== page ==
Movie Review: CANDY CORN
Courtesy of Epic Pictures and DREAD

It’s easy to write off low-budget indie slasher films. In a time where major studios are cranking out hi-res monster flicks and “psycho” flicks like there’s no tomorrow, a lot of fans lose their appreciation for B-horror. CANDY CORN reminds us that B-horror is still a vital part of the horror scene. 

Written and directed by Josh Hasty, CANDY CORN presents a classic and familiar tale. The film opens with the introduction of a group of friends who share the common interest of bullying instead of being productive members of society. The gang of young people discusses their annual Halloween tradition: attacking a mentally challenged peer, Jacob (played by Nate Chaney), for no other reason than it’s “easy and fun.”

Despite the objections of the girlfriend of one of the guys, the plan moves forward. They find Jacob at his new job; he’s found work and a family at a traveling carnival and seems to be doing well with his new tribe. Unfortunately, the gang is relentless and viciously attacks him. This year, the gang’s violent and disturbing tradition results in Jacob’s death.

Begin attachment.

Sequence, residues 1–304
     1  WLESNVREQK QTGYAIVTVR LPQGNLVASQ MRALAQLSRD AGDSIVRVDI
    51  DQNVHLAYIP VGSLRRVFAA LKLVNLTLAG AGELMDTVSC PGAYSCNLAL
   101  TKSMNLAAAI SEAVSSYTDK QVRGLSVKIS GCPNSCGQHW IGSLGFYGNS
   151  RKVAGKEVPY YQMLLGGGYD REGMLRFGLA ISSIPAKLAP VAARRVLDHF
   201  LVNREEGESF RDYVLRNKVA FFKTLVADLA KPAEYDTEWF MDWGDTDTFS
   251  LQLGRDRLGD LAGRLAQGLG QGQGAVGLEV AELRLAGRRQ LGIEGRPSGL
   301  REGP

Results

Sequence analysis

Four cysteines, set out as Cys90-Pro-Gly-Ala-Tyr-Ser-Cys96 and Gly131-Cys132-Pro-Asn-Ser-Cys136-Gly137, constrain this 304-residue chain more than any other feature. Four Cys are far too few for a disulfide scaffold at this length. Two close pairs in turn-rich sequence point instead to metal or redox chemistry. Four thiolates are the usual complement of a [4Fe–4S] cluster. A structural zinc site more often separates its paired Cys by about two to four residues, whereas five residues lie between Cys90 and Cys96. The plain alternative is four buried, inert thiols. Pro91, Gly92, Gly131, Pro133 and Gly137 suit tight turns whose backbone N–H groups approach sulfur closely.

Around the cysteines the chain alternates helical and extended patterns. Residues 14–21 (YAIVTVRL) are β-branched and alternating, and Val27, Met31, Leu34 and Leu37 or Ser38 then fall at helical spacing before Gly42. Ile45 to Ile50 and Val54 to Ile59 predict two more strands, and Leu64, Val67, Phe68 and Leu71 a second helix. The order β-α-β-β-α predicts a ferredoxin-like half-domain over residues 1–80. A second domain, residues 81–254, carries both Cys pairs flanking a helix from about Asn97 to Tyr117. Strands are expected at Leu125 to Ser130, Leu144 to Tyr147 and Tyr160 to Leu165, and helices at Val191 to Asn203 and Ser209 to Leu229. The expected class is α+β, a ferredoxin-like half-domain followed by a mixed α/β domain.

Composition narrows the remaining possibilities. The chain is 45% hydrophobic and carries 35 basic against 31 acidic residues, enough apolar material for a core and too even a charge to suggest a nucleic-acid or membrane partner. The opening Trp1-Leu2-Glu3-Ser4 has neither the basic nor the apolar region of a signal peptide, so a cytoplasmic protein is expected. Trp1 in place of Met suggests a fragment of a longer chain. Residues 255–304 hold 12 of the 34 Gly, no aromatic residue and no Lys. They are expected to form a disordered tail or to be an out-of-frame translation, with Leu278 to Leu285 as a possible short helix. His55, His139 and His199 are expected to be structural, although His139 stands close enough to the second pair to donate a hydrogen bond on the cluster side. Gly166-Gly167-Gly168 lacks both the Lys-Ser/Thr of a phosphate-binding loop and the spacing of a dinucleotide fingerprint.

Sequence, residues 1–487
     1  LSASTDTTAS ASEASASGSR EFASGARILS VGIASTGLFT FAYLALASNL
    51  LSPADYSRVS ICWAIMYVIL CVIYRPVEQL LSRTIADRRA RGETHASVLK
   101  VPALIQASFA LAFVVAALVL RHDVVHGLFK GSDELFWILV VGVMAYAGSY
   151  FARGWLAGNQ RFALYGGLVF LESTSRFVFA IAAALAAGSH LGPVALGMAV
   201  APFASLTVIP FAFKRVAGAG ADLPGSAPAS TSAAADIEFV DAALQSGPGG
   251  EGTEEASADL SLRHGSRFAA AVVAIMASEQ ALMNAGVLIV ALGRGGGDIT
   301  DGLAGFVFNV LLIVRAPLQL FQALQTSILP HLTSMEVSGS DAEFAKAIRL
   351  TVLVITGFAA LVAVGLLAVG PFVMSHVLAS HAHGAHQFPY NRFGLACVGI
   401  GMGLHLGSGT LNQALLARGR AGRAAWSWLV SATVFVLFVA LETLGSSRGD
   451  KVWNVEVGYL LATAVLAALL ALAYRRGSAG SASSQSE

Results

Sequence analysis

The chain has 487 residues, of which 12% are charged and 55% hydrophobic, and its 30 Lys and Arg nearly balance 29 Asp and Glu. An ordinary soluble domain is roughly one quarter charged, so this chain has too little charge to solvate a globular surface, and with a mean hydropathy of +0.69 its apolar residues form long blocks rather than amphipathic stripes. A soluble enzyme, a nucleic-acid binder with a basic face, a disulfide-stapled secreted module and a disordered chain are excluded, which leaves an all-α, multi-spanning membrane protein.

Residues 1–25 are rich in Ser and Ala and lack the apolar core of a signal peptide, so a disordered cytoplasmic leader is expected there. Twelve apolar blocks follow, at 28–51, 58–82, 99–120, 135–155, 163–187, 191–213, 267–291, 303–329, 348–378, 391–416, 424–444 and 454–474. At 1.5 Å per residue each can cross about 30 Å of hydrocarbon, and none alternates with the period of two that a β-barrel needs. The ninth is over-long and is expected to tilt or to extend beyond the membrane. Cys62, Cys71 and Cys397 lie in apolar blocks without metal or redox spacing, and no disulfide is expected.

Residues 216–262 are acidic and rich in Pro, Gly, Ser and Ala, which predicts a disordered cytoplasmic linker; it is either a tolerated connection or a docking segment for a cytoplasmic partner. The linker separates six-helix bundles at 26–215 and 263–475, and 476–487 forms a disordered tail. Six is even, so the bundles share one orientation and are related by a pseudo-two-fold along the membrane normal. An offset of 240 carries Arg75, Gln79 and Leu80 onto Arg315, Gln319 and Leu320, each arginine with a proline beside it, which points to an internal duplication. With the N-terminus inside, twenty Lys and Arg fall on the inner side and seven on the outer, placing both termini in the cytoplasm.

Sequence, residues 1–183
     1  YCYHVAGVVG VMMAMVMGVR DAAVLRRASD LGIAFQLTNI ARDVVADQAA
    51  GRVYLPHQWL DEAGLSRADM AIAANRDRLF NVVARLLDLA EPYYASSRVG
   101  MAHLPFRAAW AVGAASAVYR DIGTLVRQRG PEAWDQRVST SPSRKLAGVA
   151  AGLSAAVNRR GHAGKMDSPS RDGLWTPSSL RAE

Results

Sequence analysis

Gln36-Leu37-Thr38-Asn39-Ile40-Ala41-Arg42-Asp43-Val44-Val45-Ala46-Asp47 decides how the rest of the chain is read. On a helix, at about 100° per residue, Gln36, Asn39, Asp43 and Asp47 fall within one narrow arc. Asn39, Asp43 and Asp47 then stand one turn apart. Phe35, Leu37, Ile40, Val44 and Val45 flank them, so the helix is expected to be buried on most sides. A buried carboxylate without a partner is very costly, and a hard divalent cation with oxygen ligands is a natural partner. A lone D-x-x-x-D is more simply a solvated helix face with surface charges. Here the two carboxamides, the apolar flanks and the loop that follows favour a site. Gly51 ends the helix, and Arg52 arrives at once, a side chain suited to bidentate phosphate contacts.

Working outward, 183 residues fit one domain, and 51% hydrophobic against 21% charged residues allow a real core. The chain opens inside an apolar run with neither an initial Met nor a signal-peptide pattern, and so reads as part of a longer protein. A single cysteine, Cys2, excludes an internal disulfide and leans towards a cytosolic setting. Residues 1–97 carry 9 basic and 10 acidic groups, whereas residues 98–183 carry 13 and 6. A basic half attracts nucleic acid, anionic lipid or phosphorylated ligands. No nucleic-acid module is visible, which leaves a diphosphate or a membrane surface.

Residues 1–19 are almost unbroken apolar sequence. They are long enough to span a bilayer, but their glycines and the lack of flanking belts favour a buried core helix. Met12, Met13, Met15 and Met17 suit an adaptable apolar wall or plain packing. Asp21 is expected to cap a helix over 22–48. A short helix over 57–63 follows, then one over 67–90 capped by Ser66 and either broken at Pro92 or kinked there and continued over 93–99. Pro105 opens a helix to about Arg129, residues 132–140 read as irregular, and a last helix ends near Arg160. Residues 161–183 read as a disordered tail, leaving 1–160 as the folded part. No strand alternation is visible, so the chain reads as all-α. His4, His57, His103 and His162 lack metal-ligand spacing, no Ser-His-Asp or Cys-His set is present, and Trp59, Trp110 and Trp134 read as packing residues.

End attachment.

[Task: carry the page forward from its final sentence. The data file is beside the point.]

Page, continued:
But Jacob’s new family of carnies are about to avenge him in a way that shakes the entire town to its core. 

While CANDY CORN’s premise is a familiar one for small town Halloween-themed horror movies, the execution and executions are fresh, exciting, and, most importantly, entertaining. Through the magic of rage and resurrection, the gang members are picked off one by one by a horrifying, relentless, and ruthless monster that won’t stop until bloody revenge is exacted. 

In the grand tradition of B-horror (seriously, B-horror is looked over far too often, even by hardcore horror freaks), the performances in CANDY CORN are artistically and intentionally exaggerated and the characters more akin to caricatures. But that’s the charm of the subgenre – the self-awareness. The wink and nudge with the audience. It’s a community-charged contribution to the horror scene that isn’t constricted to the demands of high-budget studios. 

CANDY CORN might not receive the accolades that Trick ‘r Treat did, but at the end of the day, it doesn’t matter. It’s a fun movie that has innovative and deliciously disgusting kill scenes. You can watch it with your friends, watch it with your kids, or watch it by yourself. However you choose to view it, it’s sure to make your night more fun. 

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